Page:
Zalman Shazar (1963-73), politician, scholar, historian, author, poet Ephraim Katzir (1973-78), renowned biochemist Yitzhak Navon (1978-83), politician, educator, author Chaim Herzog (1983-93), attorney, army general, diplomat, author E z e r We i z m a n ( 1 9 9 3 2000), air force commander, politician, businessman Moshe Katsav (2000-2007), social leader, politician Shimon Peres (2007- ), senior statesman, former prime minister, Nobel Peace Prize laureate

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and pardoning prisoners, on advice of the minister of justice. In addition, the president performs public functions and informal tasks such as hearing citizens’ appeals, lending prestige to community organizations and strengthening campaigns to improve the quality of life in the society at large. Shimon Peres, President of the State of Israel • G.P.O. / A. Ohayon


LEGISLATURE: THE KNESSET The Knesset (Israel’s unicameral parliament) is the country’s legislative body. The Knesset took its name and fixed its membership at 120 from the Knesset Hagedolah (Great Assembly), the representative Jewish council convened in Jerusalem by Ezra and Nehemiah in the 5th century BCE. A new Knesset begins to function after general elections, which determine its composition. In the first session, Knesset members declare their allegiance, and the Knesset speaker and deputy speakers are elected. The Knesset usually serves for four years, but may dissolve itself or be dissolved by the prime minister any time during its term. Until a new Knesset is formally constituted following elections, full authority remains with the outgoing one. The Knesset operates in plenary sessions and through 15 standing committees. In plenary sessions, general

Jerusalem: The Knesset (Israeli parliament), view from the south • Ministry of Tourism

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debates are conducted on legislation submitted by the government or by individual Knesset members, as well as on government policy and activity. Debates are conducted in Hebrew, but members may speak Arabic, as both are official languages. Simultaneous translation is available. To become law, a regular state bill must pass three readings in the Knesset (while private bills have four readings). In the first reading, the bill is presented to the plenary, followed by a short debate on its contents, after which it is referred to the appropriate Knesset committee for detailed discussion and redrafting, if necessary. When the committee has completed its work, the bill is returned to the plenary for its second reading, at which time committee members who have reservations may present them to the plenary. Following a general debate, each article of the bill is put to a vote and, unless it is necessary to return it again to committee, the third reading takes place immediately, and a vote is taken on the bill as a whole. If the bill passes, it is signed by the presiding speaker and is later published in the Official Gazette, with the signatures of the president, prime minister, Knesset speaker and the minister responsible for the law’s implementation. Finally, the state seal is affixed to it by the minister of justice, and the bill becomes law.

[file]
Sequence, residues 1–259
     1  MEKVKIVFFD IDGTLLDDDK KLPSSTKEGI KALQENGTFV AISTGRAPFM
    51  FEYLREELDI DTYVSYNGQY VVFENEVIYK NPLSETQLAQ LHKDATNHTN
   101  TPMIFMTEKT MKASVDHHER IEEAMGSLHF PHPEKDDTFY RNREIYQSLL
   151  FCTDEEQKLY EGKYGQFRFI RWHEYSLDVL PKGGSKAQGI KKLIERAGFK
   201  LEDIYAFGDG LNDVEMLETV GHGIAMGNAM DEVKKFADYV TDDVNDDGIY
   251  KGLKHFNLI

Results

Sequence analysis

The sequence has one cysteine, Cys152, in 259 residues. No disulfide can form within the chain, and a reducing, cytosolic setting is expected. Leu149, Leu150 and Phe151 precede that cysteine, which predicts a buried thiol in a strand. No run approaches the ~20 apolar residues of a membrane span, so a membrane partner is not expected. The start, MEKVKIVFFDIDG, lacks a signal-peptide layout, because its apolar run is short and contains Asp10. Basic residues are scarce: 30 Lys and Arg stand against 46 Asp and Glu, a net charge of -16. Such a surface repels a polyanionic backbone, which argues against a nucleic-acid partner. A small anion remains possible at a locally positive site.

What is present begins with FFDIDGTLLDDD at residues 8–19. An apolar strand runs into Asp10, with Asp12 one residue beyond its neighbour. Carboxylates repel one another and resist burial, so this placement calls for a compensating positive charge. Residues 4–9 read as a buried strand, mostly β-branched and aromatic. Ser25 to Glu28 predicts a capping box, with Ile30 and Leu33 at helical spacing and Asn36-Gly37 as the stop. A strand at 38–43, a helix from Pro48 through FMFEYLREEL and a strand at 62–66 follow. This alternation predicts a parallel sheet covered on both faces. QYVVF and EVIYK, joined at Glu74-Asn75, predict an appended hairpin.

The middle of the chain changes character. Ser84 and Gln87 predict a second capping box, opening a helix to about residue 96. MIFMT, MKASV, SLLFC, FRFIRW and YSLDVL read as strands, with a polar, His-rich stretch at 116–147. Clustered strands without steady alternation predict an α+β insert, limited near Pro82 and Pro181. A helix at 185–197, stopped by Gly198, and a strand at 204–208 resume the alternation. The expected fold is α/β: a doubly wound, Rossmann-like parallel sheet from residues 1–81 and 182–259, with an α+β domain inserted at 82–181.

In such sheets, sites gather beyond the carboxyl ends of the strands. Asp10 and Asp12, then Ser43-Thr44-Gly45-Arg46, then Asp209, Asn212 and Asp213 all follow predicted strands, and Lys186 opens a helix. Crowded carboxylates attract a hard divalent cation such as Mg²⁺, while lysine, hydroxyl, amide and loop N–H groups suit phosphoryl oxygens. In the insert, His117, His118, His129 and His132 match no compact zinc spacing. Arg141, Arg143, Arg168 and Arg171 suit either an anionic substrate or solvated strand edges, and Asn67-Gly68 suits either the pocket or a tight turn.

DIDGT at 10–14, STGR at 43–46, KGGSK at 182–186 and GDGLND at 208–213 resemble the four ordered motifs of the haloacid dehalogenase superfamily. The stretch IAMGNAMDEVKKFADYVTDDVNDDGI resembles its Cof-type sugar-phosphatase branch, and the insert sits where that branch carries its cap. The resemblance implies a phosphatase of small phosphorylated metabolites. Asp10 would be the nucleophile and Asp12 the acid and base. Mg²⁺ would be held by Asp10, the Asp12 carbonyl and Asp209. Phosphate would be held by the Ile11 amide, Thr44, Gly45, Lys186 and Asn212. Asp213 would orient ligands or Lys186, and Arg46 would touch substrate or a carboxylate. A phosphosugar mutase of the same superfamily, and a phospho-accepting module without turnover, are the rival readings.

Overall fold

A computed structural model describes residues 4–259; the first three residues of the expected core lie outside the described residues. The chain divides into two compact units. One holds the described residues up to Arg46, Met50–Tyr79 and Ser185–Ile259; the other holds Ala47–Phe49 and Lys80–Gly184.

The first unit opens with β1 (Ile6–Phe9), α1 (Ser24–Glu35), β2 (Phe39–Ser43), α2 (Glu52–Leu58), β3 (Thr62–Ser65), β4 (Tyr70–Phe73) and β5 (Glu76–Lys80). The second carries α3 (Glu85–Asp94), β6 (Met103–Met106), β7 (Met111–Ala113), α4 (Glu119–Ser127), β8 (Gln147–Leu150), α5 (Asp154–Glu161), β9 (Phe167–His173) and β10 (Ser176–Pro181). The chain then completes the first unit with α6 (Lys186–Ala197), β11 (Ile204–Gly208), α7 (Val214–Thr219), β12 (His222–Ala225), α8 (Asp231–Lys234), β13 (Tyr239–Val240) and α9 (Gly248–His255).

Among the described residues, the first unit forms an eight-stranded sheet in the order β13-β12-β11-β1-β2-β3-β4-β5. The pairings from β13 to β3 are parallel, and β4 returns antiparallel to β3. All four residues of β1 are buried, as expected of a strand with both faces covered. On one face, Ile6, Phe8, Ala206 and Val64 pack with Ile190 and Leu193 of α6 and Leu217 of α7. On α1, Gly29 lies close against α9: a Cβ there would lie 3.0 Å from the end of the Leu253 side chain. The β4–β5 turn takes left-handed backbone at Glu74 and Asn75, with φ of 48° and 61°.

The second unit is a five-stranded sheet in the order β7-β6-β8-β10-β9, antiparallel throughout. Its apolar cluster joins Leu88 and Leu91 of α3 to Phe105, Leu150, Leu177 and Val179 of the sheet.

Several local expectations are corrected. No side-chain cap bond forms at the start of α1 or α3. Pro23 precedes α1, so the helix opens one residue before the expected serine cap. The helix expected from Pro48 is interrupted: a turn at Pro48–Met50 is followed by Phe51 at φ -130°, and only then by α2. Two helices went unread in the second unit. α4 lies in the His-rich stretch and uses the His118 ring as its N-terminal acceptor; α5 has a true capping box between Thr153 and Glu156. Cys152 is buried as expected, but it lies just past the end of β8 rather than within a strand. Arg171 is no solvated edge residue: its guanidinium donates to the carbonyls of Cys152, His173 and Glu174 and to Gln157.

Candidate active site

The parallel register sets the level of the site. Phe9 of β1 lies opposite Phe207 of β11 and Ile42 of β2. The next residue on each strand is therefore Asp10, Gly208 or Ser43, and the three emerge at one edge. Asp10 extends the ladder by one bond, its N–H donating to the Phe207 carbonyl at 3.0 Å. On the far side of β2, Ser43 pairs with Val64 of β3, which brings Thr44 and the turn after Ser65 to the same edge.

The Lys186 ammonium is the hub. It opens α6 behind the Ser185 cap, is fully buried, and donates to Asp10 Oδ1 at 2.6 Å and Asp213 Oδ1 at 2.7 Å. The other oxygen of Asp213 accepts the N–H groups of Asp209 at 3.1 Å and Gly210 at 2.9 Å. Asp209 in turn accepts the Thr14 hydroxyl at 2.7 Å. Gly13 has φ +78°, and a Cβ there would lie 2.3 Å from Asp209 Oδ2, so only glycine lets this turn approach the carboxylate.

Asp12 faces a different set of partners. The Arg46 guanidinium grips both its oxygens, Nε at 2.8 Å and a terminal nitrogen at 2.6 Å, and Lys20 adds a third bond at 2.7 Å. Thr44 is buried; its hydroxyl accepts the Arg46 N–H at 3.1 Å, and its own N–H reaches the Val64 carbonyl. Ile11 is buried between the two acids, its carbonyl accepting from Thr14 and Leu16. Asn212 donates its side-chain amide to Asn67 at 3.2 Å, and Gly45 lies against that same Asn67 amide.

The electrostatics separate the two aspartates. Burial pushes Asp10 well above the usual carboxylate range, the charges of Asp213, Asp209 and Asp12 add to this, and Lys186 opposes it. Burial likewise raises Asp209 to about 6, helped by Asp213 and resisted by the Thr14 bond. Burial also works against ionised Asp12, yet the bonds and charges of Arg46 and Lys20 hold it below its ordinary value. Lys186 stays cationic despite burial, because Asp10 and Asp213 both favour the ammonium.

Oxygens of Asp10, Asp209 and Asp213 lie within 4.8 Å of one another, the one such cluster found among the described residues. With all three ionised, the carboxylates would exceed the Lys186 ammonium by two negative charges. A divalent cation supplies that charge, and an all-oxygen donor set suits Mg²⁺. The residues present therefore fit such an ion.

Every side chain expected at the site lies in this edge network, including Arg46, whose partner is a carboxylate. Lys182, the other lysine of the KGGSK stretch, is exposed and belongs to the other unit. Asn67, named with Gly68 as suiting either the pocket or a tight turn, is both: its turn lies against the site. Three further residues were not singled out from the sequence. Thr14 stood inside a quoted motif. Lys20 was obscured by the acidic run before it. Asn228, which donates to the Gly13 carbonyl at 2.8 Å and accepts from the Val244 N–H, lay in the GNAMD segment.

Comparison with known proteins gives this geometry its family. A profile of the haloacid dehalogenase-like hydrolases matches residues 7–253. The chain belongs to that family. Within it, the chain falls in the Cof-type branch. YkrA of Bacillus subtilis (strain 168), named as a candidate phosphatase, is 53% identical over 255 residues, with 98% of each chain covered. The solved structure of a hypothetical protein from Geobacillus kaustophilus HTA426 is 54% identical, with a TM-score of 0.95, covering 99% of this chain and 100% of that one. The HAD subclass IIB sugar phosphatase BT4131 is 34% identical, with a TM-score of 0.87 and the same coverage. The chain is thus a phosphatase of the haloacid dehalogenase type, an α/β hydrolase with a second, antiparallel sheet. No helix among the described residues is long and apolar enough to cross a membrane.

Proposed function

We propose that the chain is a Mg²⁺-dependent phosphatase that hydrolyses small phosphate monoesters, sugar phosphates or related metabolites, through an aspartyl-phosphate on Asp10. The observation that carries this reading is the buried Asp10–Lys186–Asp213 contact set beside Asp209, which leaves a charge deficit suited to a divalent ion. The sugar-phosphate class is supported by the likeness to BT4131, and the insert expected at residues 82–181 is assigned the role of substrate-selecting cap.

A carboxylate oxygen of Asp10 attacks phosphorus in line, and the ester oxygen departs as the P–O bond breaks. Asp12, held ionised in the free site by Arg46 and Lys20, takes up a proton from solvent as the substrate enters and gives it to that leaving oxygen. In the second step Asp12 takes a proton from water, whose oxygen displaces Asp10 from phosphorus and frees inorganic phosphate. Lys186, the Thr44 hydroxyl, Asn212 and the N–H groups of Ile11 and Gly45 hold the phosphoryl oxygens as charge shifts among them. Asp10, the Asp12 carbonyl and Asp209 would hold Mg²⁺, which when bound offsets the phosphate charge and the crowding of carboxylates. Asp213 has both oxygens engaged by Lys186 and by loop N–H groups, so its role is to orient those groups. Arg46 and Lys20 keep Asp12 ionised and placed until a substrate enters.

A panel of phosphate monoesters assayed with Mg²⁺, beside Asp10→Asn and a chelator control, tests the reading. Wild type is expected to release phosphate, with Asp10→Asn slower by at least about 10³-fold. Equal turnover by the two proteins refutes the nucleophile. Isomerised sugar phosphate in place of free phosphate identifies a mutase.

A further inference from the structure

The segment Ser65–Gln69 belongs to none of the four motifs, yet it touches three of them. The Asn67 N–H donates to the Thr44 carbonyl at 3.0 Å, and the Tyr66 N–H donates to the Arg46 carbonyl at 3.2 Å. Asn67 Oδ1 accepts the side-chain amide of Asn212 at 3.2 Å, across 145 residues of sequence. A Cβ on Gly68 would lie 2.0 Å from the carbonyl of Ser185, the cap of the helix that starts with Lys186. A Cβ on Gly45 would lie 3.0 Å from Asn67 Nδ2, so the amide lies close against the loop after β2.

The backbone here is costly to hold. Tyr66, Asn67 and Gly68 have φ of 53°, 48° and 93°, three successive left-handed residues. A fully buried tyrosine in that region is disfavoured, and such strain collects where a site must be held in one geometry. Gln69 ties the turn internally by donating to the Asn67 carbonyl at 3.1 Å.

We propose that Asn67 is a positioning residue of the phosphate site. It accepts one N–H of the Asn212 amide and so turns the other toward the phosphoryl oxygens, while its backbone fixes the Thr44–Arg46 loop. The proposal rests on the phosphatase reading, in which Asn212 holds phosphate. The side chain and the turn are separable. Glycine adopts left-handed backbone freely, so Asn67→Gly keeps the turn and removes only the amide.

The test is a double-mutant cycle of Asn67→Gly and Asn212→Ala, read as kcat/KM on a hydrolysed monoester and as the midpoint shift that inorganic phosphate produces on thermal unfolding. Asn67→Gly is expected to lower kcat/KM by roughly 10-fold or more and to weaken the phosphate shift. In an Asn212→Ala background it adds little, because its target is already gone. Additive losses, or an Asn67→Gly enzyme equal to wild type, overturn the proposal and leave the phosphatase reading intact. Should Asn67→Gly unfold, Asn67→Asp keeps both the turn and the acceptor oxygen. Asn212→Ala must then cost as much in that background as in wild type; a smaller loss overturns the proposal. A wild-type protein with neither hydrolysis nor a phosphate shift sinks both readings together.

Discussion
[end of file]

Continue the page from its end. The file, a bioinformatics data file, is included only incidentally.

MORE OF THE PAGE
EXECUTIVE: THE GOVERNMENT The executive authority of the state is the government (cabinet of ministers), charged with administering internal and foreign affairs, including security matters. Its policy-making powers are very wide, and it is authorized to take action on any issue which is not legally incumbent upon another authority. The cabinet determines its own working and decision-making procedures. It usually meets once a week, but additional meetings may be called as needed. It may also act through ministerial committees. Forming a government: All governments to date have been based on coalitions of several parties, since no party has ever received enough Knesset seats to form a government by itself.

Israel’s Prime Ministers David Ben-Gurion (1948-54) Moshe Sharett (1954-55) David Ben-Gurion (1955-63) Levi Eshkol (1963-69) Golda Meir (1969-74) Yitzhak Rabin (1974-77) Menachem Begin (1977-83) Yitzhak Shamir (1983-84) Shimon Peres (1984-86) Yitzhak Shamir (1986-92) Yitzhak Rabin (1992-95) Shimon Peres (1995-96) Benjamin Netanyahu (1996-99) Ehud Barak (1999-2001) Ariel Sharon (2001-2006) Ehud Olmert (2006- )

Following consultations, the president presents one Knesset member with the responsibility of forming a government. To do so, this Knesset member has to present, within 28 days of being given responsibility for

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the formation of a government, a list of ministers for Knesset approval, together with an outline of proposed government guidelines. All the ministers must be Israeli citizens and residents of Israel and all must be Knesset members.

Israel Ministry of Foreign Affairs • T. Griffith